Kathy Sheridan: Why does Ukip’s chief dog whistler still accept a €100,000 EU salary?

Trump bump: the US president during his appearance with Piers Morgan. Photograph: ITV

Ex-‘Daily Mirror’ editor simpers where credible journalists bring predators to account

Fianna Fáil leader Micheál Martin. “Last week’s speech suggested a world of nuance, context, realism, personal grief and – above all – empathy, had accompanied him on this particular journey.” Photograph: Gareth Chaney/Collins

Fianna Fáil leader gives party pause for thought by rejecting easy certainties

If Margaret Atwood hasn’t earned the right to have her opinions treated with due care and respect, where are we?

Kathy Sheridan: #MeToo is a revolution, and ‘guilty because accused’ has kicked in

Unpresidential behaviour: as we retain the capacity for surprise, each new Trump atrocity feels like a repeated blow to the head.  Photograph: Win McNamee/Getty

Kathy Sheridan: Ignorant shoutiness emerged as the motif of 2017

On Christmas day if you are not the host remember that someone had a choice and still opted to include you in this most privileged of inner circles. The unstated condition is that you be kind in turn. Photograph: Getty Images

Everyone deserves a few days free of anger, home truths, sniping and whataboutery

 Brexit promulgators such as Nigel Farage routinely used the blue passport as a prop. Photograph:  Leon Neal/Getty Images

Blustering have-your-cake-and-eat-it Brexit brigade blunders on regardless

Finland is the safest country on Earth, according to the Travel Risk Map, and the ninth most tolerant, according to the Legatum Prosperity Index.

State aged 100 near top of world rankings for education, innovation and quality of life

UK prime minister Theresa May: English frontline politicians and media have exposed their contempt and gross ignorance about Ireland and our shared history. Photograph: Peter Byrne/PA

Infantile ideas like Ireland should pay for Border part of UK cultivating obtuseness

Comedian and broadcaster Al Porter described his conduct as “in keeping with my flamboyant and outrageous public persona”.

Common thread of responses to recent revelations is to attempt to minimise them

Former IRA hunger-striker, Laurence McKeown, wears clothes fashioned from a former prison blanket similar to the ones used by the prisoners known as the ‘Blanketmen’ who took part in the dirty protest in the Maze prison during the 1970s and 1980s. Photograph: Stephen Davison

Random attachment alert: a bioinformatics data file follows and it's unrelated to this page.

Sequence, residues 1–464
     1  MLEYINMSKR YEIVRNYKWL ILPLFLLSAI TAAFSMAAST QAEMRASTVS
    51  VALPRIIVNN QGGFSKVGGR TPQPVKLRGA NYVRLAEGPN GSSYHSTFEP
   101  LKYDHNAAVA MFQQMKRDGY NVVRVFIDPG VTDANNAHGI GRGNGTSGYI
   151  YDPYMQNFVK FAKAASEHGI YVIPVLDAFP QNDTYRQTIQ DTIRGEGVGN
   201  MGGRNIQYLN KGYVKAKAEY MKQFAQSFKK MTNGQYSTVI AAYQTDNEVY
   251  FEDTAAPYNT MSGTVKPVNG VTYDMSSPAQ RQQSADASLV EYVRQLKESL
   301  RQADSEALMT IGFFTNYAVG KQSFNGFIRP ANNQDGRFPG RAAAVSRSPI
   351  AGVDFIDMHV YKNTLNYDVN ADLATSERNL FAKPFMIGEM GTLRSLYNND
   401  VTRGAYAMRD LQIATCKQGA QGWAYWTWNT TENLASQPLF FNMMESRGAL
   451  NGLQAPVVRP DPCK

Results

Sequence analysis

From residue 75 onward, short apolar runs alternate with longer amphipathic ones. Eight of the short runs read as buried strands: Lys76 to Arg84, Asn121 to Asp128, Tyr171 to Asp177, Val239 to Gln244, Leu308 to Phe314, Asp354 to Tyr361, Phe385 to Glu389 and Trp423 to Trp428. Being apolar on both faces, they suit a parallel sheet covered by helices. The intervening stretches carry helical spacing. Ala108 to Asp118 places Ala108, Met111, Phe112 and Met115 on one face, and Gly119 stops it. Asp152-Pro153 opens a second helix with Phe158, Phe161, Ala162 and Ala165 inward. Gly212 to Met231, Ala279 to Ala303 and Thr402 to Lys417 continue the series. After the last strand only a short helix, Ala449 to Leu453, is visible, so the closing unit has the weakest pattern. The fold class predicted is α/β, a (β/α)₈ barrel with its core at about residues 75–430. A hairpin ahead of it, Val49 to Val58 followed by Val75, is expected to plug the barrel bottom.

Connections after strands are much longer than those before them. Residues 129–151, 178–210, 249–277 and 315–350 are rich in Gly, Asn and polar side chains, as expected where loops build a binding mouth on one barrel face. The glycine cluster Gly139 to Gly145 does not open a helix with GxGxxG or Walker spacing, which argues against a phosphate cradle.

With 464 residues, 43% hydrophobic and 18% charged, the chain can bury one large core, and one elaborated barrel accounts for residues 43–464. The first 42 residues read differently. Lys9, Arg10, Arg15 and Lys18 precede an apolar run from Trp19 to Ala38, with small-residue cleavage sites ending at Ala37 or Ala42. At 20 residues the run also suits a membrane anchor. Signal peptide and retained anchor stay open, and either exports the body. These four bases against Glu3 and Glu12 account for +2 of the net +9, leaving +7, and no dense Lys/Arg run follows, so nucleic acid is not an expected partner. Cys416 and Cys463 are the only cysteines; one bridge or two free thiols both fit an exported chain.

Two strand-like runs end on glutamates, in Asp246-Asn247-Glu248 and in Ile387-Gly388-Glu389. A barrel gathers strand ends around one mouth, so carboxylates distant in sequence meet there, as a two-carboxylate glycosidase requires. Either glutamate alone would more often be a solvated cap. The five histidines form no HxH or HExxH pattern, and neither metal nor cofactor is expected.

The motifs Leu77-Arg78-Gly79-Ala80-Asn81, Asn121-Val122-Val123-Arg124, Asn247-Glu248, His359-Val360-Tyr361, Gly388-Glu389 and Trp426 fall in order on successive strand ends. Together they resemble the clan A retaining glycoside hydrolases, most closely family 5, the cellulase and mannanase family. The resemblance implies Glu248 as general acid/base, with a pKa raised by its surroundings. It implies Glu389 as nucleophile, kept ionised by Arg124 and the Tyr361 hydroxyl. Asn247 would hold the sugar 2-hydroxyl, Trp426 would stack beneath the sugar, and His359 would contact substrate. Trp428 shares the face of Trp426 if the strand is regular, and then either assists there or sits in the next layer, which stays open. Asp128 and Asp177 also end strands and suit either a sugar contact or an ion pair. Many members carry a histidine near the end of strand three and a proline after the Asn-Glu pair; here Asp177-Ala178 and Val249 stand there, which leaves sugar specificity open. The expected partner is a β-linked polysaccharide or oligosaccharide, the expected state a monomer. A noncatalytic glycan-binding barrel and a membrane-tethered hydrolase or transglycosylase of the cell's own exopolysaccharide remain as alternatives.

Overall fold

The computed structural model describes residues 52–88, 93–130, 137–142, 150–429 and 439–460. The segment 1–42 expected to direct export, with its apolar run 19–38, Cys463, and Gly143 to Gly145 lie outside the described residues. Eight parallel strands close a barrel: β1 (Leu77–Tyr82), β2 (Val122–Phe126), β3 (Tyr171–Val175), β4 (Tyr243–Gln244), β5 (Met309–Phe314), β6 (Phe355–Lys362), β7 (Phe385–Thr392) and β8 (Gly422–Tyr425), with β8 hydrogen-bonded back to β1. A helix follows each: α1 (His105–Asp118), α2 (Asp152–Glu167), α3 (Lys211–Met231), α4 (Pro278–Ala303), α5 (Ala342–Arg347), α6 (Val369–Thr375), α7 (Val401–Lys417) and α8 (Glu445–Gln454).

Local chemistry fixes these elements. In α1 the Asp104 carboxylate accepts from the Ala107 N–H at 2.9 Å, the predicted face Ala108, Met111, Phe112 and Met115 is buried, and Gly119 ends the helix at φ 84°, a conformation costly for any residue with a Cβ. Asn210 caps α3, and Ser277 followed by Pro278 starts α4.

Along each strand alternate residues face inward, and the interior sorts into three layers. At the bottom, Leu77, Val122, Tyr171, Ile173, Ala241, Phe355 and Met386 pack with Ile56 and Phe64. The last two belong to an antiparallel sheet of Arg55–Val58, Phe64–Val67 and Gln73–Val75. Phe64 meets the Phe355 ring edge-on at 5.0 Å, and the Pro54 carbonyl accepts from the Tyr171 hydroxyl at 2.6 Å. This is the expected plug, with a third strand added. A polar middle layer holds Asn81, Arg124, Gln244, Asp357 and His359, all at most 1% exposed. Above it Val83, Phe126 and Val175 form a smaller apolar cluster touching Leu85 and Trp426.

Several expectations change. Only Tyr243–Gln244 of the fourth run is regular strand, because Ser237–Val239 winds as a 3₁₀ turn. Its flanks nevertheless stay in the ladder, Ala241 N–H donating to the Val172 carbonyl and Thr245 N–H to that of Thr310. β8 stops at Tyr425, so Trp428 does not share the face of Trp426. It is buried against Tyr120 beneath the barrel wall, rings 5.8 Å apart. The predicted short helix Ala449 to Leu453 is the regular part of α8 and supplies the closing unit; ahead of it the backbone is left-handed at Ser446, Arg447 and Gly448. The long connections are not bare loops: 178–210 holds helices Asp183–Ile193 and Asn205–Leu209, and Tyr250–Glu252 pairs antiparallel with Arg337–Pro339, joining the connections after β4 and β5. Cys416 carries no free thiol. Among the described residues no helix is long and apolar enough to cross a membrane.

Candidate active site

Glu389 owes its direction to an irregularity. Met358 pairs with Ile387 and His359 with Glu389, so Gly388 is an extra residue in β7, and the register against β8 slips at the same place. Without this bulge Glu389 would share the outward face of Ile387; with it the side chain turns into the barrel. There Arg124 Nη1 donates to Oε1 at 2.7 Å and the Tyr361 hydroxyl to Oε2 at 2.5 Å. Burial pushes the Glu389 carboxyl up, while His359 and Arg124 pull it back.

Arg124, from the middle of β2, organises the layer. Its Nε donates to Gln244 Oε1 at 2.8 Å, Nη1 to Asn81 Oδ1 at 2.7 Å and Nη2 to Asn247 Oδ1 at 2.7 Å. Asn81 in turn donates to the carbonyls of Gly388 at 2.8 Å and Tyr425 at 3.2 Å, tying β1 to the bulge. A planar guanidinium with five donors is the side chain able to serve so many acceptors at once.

Laurence McKeown is using a blanket from the Maze to make a different kind of statement

Tweeting Taoiseach: “It’s not called photobombing when you stand in front of something to take a photo,” sniffed FF Senator Lorraine Clifford Lee

Varadkar’s shared Twitter photo with a llama could be media savvy or just a bit childish

Michael Colgan: do allegations suggest he might be a bully or a sexual harasser?

Kathy Sheridan: It is vital to distinguish targeting a gender from brutal abuse of power

Ciara Kelly: posted tweets describing an unnamed, “prominent” Irish male who is accused by various unnamed people of serial rape, wife-beating, unlawful detention and relentless harassment. Photograph: Twitter

Social media users who dislike the law should campaign to have it changed

Senator Terry Leyden: his casual peddling of something he saw on Google as a serious contribution to public policy should be a matter of serious concern.   Photograph:  Dara Mac Dónaill

Comments by politicians with no scientific basis must be exposed in public as fake

Harvey Weinstein: Accused of sexual assault in 2015, he mobilised lawyers and publicists to make the case go away. Photograph: Benjamin Norman/The New York Times

Weinstein scandal could be a watershed moment in the fight against sexual harassment

Harvey Weinstein  has denied having non-consensual sex with anyone. File photograph: Andrew Kelly/Reuters

As usual, the focus is already shifting from the accused to the behaviour of his accusers

 Roddy Doyle: “It’s actually very easy to live privately here, particularly as you get older.” Photograph: Alan Betson

The Dubliner on the savagery of school, how being famous is easy in Ireland, and getting older

Diana, Princess of Wales: an exasperating woman who achieved fame only through the man she married and who became more celebrated for her clothes, bulimia, suicide attempts, exotic holidays, media manipulation, psychic consultations and colonic irrigations than anything else Photograph: Tim Graham/Getty

Twenty years on from Diana’s paparazzi- hounded passing, Kathy Sheridan looks behind the myth

US president Donald Trump boards Air Force One, bound for his summer vacation and the golf course.  Photograph: Al Drago/The New York Times

Yiannopoulos, Scaramucci and now the US president have all got in touch with their feelings

Kevin Myers on RTÉ’s ‘Today with Seán O’Rourke’ programme on Tuesday. Photograph: RTÉ Radio One/PA Wire

The writer has been spewing evidence-free bile about women for decades

BBC correspondent Orla Guerin, in Bajaur, part of Pakistan’s troubled tribal belt. What kind of system rewards a news presenter such as  Huw Edwards with vast sums but not correspondents such as Guerin or Lyse Doucet, who put their actual bodies on the line?

The issue of gender pay equality comes down to fairness and fundamental social values

British Labour leader Jeremy Corbyn (68) speaks to the crowd from the Pyramid stage at Glastonbury. Photograph:  Yui Mok/PA Wire

If age is only a number, when is it okay to use that culturally loaded term ‘old’?

 British prime minister Theresa May’s popularity ratings have plummeted to 34, roughly where Labour leader Jeremy Corbyn’s were last November. Photograph: Getty Images

Labour leader may have handled the Grenfell disaster better but he is flawed too

British prime minister Theresa May: a former minister was pleased to report May had “agreed to listen to all the wings of the party” on Brexit. Of the party, note. Photograph: Will Oliver/EPA

Prime minster has shown contempt for the 48 per cent who voted Remain

Salvador Sobral’s Eurovision victory on Saturday was marked by modesty and generosity. “Just a boy in his bedroom singing a song written by his sister,” as Graham Norton put it.  Photograph: Brendan Hoffman/Getty Images

Irish hubris, Portuguese charm and British arrogance were all in the contest’s limelight